Although 30 years have passed since the Marcos years ended, emotions still run high whenever accounts of those years are discussed and people remember things differently when they are highly emotional.
Marcos’ noon time burial yesterday flooded Facebook news feeds with angry status updates both for and against the burial. On one hand, there were those who mocked the burial, with one prominent politician quoting scripture comparing it to the “thief in the night” — which is really a poetic description of death.
On the other hand, there were those who appeared tolerant of peoples’ angry out bursts but warned of dire consequences should certain lines be crossed.
Still others derided the outrage of those against the burial.
All these views taken together prove that a truly objective recollection of the Marcos years will not be widely acceptable and come into currency for a little more time or until people can look at those years with rigorous dispassion.
United in division, still sharing in the miseries of underdevelopment.
What we are witnessing right now is the politics of the divided and we fail even in describing the boundaries of those divisions.
And here is the reason why those divisions are hard to define, none of them are actually meaningful or even distinct in terms of achieving any of the following phrases below:
- “…a just and humane society…” (For some.)
- “…promote the common good…” (Sometimes.)
- “…conserve and develop our patrimony…” (Diminished, for the most part.)
- “…secure to ourselves and our posterity, the blessings of independence and democracy under the rule of law…” (Hardly.)
- “…a regime of truth, justice, freedom, love, equality, and peace…” (Again, for some.)
(If you don’t recognize it, these are more or less the phrases that describe the ideals consecrated in our present as well as previous constitutions.)
These ideals are so high and so difficult to attain that only the deluded will claim that these ideals were attained as a basis for bolstering the position that one political faction deserves a title to lord it over the others.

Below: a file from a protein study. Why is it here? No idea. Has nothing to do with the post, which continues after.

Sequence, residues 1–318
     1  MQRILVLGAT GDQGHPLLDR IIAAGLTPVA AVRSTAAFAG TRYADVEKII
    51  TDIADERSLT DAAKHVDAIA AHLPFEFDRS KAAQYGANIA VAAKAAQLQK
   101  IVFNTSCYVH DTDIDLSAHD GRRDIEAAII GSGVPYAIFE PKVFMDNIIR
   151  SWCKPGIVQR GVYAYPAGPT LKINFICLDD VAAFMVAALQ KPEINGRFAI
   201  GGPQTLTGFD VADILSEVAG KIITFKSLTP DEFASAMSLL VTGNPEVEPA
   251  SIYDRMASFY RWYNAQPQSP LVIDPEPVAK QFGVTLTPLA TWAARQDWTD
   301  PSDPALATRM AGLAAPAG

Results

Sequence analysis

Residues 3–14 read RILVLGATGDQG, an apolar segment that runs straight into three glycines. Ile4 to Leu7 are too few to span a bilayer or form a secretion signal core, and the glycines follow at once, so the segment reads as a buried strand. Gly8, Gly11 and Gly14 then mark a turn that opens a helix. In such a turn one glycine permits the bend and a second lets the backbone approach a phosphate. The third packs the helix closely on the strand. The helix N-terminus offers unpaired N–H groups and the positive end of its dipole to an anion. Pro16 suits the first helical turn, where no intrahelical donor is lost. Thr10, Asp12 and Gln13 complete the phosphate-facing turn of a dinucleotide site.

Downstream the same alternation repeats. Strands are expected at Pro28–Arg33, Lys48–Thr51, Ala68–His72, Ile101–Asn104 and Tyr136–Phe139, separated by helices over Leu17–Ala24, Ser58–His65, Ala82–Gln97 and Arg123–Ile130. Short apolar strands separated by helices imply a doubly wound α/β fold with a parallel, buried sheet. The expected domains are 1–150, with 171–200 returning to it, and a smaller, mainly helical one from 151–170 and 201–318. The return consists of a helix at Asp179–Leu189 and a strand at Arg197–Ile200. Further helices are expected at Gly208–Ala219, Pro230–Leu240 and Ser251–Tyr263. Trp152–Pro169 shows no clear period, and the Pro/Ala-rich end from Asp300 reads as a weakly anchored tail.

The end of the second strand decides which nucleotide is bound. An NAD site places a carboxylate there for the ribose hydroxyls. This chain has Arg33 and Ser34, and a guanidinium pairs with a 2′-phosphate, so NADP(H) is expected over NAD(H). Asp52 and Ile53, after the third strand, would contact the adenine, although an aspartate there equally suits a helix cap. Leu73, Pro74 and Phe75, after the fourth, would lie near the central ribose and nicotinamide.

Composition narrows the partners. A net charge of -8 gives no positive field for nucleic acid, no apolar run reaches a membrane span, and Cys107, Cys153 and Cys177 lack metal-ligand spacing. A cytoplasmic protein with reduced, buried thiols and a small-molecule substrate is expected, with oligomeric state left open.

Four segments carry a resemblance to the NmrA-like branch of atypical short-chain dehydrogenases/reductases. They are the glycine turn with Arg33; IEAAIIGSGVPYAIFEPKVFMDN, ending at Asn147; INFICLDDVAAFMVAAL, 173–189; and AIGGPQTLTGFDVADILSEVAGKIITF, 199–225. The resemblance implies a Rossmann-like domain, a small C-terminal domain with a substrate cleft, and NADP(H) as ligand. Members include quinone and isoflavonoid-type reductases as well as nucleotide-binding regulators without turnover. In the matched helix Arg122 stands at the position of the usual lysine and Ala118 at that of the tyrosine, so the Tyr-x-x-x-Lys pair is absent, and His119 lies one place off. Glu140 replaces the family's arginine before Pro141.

Move on or get left behind.
The tide of political turmoil that swept the Marcoses out of Malacanang and brought in the political regime shaped by the Aquino-Cojuancos is ebbing.
Most members of the generation born after the Marcoses left the seat of power will have world views less rooted in the realities of the political turmoil
I would speculate that, for post Marcos generations, it would be unlikely for them to identify Marcos with oppression in the same way as people who actually experienced it.
Likewise, I would also speculate that post Marcos generations would be hard pressed to identify the Aquino-Cojuancos with greater freedom.
For how much freedom can you enjoy when you have little choices when it comes to employment, or when even the necessity of traveling anywhere takes a good part of their day, or when they can’t even go out without fearing that they’d become a victim of some random crime? (Certainly, I can go on and on about the various ways our so-called freedoms are restricted by various practicalities.)
This generation isn’t going to wait for the Aquino Cojuanco versus Marcos conflict to be finally resolved before they deal with the exigencies of their present lives.
Roughly comprising 37 percent of the voting population, this generation defined the country’s politics in terms that lay outside of the views that emerged from the conflict between the Marcoses and those that put them out of power.
The reality that stares before us is clear: People who insist on clinging to the past will be left behind or shoved out of the way.
The best recourse is to figure out where this generation is headed and adjust to suit the spirit of the times.